Developing A Character. Created by: Mrs. Ross Influenced by several online searches . Getting To Know Your Character. A good author needs to know their character well enough to “speak” for them throughout the story
Created by: Mrs. Ross
Influenced by several online searches
Think about their…
Knowing what you know about the character, could you predict what he or she might do in any given situations? Let’s share some examples with our group…
Can you name a character that you disliked in a story? What can you share about that character?
On your white board, keep track of things you learn about your character and we’ll share and compare at the end.
Who is your character? Let’s develop him/her and get to know them!
For now, just think and sketch… you will be given a character builder sheet soon to help you organize who they are
Readers love character driven stories. They want to care enough about a character to find out what happens to them. Do they get what they want in the end? Do they grow through the problem or conflict they face? Can people relate to your character. This is a very powerful thing to accomplish. So what does your character need?
Emotional needs: learn to love again, trust others…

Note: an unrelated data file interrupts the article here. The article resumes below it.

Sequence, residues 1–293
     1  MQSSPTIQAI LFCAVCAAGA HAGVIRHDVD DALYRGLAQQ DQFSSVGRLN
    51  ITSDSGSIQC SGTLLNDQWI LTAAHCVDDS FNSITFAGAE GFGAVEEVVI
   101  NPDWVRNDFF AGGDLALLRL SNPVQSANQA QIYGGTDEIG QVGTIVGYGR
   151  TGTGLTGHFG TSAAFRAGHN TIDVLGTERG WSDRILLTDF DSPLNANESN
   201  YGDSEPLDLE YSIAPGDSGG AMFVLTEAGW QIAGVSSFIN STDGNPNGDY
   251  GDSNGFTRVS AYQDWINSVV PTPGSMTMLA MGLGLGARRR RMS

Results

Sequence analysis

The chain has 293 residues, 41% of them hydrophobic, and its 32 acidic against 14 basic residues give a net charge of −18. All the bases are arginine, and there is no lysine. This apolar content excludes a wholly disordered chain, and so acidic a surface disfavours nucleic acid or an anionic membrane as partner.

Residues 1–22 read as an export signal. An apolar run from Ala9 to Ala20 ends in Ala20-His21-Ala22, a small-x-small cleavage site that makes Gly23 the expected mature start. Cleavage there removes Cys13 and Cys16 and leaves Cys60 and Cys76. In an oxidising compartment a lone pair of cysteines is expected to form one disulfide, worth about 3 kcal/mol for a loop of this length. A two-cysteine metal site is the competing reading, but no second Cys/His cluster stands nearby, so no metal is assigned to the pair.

Physical needs: find a lost family member, learn how to walk again…
We need to give our character their needs and wants before we start their story – the story you write will be an attempt to meet those goals.
Let’s create a class chart of emotional and physical needs that we might want to “borrow” for our story!
What do you want your reader to learn or take away from your story?
Let’s jot down as many ideas as we can think of in 5 minutes and then pick from the list we created!
External Conflict takes place outside of the body
Internal Conflict takes place inside of the body/mind
Man vs. Self
Some literary conflicts take the form of a character struggling to overcome fear, emotional damage or other crippling personal issue.
Man vs. Man
The most straightforward type of conflict pits the protagonist directly against another character with apparently opposing aims.
This type of conflict pits a story's main character or characters against a natural force such as a flood, predatory animal, or disease epidemic.
In many stories, the protagonist battles an unjust element of government or culture.
A good author reveals information about the character little by little as the story goes, or it would be boring. This technique is called Direct or Indirect Characterization.